Wedding bells for GM and French
INTERNATIONAL MARRIAGE: General Motors and PSA Peugeot-Citroen have agreed to a multi-billion dollar alliance for mutual cost-saving on parts and logistics.
NEW YORK – General Motors and PSA Peugeot Citroën have announced a long-term and broad-scale global strategic alliance to benefit from the combined strengths and capabilities of the two companies.
The union will also, they say, contribute to the profitability of each and strongly improve their competitiveness in Europe.
There are two main pillars: shared vehicle platforms and parts and the creation of a global purchasing unit “for commodities, components and other goods and services from suppliers”.
Plenty of purchasing power there: the two companies spend about $125-billion a year. Each company will continue to market and sell its vehicles independently and competitively.
To finance the marriage, PSA Peugeot Citroën needs about €1-billion through a capital increase with preferential subscription rights for shareholders of PSA Peugeot Citroën, underwritten by a syndicate of banks and including an investment from the Peugeot Family Group as a sign of their confidence.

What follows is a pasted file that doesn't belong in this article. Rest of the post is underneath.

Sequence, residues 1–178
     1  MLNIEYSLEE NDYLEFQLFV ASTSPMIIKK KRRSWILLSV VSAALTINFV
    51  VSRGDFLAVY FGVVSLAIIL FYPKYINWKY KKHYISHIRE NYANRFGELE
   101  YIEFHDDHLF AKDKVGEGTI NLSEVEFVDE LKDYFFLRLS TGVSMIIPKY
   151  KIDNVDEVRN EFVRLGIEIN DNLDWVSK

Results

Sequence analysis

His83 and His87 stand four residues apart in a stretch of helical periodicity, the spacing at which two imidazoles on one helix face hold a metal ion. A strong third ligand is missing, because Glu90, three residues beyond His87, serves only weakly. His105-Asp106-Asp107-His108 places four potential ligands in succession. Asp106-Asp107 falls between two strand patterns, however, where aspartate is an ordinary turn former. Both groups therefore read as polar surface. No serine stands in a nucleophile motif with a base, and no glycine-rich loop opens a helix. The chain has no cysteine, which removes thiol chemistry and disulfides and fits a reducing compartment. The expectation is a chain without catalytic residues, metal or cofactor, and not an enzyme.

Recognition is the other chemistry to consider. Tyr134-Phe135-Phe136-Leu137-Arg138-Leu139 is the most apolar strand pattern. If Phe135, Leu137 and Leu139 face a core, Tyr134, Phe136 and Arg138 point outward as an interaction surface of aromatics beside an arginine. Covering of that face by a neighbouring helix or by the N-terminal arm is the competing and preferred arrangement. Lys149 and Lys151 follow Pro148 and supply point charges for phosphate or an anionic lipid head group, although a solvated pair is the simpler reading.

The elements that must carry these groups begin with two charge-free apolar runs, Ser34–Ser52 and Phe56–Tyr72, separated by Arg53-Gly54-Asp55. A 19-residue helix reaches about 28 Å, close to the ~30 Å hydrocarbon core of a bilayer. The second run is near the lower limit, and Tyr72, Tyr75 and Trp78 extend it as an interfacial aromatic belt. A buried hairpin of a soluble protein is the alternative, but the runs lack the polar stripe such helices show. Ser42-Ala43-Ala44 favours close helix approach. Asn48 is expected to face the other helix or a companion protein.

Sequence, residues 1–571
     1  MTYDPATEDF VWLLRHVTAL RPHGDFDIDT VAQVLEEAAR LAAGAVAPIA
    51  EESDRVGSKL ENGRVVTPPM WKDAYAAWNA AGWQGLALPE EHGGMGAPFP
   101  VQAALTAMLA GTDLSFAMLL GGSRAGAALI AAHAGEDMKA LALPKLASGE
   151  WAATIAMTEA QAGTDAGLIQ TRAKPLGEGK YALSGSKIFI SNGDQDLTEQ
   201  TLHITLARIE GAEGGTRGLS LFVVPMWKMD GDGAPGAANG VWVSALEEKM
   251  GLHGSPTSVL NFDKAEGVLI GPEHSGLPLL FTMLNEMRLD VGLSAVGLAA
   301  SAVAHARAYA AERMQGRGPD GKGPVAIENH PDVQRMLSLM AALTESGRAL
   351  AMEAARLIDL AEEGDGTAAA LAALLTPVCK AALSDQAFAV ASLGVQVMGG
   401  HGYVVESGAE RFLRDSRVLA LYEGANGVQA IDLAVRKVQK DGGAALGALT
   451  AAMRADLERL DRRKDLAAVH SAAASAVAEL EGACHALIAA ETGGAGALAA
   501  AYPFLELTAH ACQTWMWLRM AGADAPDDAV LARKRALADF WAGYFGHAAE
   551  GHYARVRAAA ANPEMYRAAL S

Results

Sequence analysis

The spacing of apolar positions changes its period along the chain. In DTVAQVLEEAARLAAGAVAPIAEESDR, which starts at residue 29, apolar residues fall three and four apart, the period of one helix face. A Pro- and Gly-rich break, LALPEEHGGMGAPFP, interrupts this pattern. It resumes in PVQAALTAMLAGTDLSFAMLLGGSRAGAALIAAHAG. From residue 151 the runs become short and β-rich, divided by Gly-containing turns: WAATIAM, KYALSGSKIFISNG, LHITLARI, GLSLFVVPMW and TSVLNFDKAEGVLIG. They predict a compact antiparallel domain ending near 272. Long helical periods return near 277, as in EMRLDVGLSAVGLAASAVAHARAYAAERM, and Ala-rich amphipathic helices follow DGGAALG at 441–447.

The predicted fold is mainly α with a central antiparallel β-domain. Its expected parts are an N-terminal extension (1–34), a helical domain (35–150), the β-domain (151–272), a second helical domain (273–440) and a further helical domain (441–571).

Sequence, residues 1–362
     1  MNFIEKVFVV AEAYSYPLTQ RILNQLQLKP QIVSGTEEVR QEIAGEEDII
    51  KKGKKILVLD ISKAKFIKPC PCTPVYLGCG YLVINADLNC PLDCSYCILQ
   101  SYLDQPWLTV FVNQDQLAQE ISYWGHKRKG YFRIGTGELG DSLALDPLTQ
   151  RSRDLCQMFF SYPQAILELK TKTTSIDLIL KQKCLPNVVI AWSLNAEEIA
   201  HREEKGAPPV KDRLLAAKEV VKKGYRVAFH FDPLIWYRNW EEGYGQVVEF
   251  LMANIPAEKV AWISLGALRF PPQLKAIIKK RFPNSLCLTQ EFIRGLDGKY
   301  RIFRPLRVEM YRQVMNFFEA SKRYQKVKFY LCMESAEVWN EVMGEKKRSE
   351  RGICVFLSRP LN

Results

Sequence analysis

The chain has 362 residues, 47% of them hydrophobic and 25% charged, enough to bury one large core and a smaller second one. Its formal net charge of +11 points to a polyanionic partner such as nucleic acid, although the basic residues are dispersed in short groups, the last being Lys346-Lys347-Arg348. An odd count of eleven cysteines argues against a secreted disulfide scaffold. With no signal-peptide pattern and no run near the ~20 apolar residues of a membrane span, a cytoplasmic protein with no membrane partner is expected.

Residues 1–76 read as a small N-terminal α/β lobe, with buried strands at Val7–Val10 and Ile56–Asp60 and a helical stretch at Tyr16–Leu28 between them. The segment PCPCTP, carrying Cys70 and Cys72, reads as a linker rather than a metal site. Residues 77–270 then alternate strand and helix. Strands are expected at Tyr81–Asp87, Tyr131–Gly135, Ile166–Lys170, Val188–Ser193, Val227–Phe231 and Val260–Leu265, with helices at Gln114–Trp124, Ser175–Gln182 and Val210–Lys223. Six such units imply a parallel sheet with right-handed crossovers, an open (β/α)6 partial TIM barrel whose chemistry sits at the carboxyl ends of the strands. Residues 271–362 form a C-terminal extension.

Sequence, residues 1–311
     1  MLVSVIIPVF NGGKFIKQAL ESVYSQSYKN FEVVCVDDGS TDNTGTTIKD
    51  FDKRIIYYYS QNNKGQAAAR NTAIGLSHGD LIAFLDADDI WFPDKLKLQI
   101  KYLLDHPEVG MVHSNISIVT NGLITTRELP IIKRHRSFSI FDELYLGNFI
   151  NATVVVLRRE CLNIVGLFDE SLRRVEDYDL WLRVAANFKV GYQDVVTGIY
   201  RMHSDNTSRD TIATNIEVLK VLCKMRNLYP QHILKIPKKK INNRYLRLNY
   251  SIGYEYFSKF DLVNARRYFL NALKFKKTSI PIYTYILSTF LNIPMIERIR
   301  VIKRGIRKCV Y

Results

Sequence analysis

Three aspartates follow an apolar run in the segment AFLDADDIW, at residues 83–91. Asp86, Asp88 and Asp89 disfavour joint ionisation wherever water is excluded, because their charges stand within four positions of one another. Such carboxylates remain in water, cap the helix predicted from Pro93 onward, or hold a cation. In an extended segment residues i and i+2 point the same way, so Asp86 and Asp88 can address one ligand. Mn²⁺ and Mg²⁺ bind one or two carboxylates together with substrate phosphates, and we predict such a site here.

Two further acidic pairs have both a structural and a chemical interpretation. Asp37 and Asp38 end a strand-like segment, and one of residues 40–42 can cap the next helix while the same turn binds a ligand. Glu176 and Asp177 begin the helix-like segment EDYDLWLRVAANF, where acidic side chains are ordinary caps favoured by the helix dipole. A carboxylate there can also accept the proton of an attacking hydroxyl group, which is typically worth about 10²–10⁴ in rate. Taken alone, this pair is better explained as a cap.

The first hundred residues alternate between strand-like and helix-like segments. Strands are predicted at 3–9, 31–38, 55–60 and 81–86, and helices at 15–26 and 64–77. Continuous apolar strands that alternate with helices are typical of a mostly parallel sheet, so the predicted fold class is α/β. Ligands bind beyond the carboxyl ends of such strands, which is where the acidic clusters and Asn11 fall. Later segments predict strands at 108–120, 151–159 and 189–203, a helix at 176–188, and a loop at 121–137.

As part of the agreement, which includes no specific provision regarding the governance of PSA Peugeot Citroën, GM plans to acquire a seven-percent equity stake in PSA Peugeot Citroën, making it the second largest shareholder behind the Peugeot Family Group.
Dan Akerson, GM chairman and CEO, said: “This partnership brings tremendous opportunity for our companies and positions GM for long-term sustainable profitability in Europe.”
Philippe Varin, chairman of the managing board of PSA Peugeot Citroën, said: “This partnership is rich in development potential. The whole group is mobilised to reap the full benefit of this agreement.”
The initial focus will be on small and midsize cars, MPVs and crossovers with immediate consideration of a common platform for clean-exhaust vehicles to launch by 2016.
“This alliance,” the media release emphasised, “enhances but does not replace either company’s independent efforts to return their European operations to sustainable profitability.”
The companies will also investigate joint logistics and transport. GM intends to establish co-operation with Gefco, a logistics company and subsidiary of PSA Peugeot Citroën, to service GM in Europe and Russia.
Cost savings are expected to reach $2-billion a year within five years though with limited benefit for the first two years and the alliance will be supervised by a global steering committee made up of an equal number of senior representatives from both companies.
Implementation is subject to regulatory approvals in some jurisdictions as well as notification to the appropriate workers’ councils.